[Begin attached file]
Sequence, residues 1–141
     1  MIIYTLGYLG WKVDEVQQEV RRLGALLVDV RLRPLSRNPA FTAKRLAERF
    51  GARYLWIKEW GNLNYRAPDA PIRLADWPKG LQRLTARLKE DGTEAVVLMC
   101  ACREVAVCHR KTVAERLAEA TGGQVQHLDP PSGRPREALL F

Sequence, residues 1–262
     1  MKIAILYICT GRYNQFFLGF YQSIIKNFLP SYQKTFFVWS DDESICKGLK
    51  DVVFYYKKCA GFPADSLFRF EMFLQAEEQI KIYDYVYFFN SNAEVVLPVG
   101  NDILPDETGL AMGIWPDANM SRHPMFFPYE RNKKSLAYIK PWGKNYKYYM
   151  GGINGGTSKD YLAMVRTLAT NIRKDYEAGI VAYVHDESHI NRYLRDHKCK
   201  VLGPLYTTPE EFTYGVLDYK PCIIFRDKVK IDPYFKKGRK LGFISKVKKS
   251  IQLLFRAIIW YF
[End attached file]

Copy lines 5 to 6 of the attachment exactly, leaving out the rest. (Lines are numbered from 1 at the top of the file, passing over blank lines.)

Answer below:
Sequence, residues 1–262
     1  MKIAILYICT GRYNQFFLGF YQSIIKNFLP SYQKTFFVWS DDESICKGLK